csi-uic1A private residence with rain gardens, bioswales, rain barrels, a green roof, and lots of prairie grasses, all in the middle of a traditional suburban neighborhood, is sure to raise a few eyebrows. But the residents of One Drop at a Time are proud of their home, which effectively utilizes green infrastructure to capture rainwater and treat stormwater runoff before it enters the municipal sewer system. What do the neighbors think? For this site surrounded by very traditional yards, the educational benefits were a compelling performance aspect to assess. Our research team developed a survey to inquire about local attitudes regarding the aesthetics of the property, knowledge of its functionality, and whether living near such a project has inspired any changes in nearby yard maintenance.

Living Habitats’ Chicago Botanic Garden Lake Shoreline Enhancement Projects

The largest of the three projects in terms of sheer physical size is set on a series of islands within the Chicago Botanic Garden’s 60 acres of lakes. Utilizing innovative bioengineering techniques, three-quarters of the shorelines have been reconstructed and restored as native habitats that aim to fight erosion, remediate water, and provide habitat for local wildlife. The new shorelines appear radically different than the previous turf shorelines that were eroding into the lakes. Because of this drastic change in physical appearance, our research team pursued the opportunity to measure the educational benefits of the new design. We developed a survey to measure garden visitors’ preferences related to the aesthetics of the new and old shorelines. The survey also asks visitors to rate the ecological function of each shoreline style to determine if the project is changing attitudes and knowledge about sustainable and native plantings.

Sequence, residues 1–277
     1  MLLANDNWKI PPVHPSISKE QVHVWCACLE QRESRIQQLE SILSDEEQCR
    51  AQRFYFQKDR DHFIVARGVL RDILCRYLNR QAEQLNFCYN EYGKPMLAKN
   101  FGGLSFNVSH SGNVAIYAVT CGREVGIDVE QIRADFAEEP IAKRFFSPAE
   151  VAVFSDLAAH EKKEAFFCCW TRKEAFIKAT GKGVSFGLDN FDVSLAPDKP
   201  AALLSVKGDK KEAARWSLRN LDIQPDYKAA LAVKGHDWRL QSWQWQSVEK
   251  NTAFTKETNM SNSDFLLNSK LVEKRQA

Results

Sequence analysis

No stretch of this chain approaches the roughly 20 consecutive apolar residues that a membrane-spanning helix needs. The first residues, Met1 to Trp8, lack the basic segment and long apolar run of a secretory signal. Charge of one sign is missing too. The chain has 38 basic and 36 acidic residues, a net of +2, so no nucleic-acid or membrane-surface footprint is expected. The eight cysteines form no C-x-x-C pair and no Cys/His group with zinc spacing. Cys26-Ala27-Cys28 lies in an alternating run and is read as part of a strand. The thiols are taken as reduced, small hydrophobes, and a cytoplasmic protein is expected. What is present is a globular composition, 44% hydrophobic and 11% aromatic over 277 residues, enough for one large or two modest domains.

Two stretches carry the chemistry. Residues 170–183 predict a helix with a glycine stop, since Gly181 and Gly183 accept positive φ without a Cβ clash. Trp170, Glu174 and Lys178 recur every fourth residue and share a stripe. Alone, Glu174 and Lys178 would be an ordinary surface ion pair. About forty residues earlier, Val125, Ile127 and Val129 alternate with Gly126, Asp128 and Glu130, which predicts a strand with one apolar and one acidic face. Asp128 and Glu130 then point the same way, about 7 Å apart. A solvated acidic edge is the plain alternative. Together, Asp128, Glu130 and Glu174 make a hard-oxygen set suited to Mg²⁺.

csi-uic2Overall, working on these three very different project sites has been a special and very educational opportunity for our team. In particular, the collaboration between our educational institution and the field professionals who are designing and implementing these fascinating projects has been a wonderful experience and has provided encouraging insight into the world of landscape performance.

Research Fellow Jinki Kim and student Research Assistant John Whalen are participating in LAF’s 2013 Case Study Investigation (CSI) program and working with the designers and clients to document the performance of three distinct landscape projects in Illinois.

Over, Under, and Through: A Texas Three-Step of Landscape Performance

By Sameepa Kashyap Modi, MLA Candidate, Dylan Stewart, MLA Candidate, and Taner R. Ozdil, PhD, Assistant Professor, School of Architecture, University of Texas at Arlington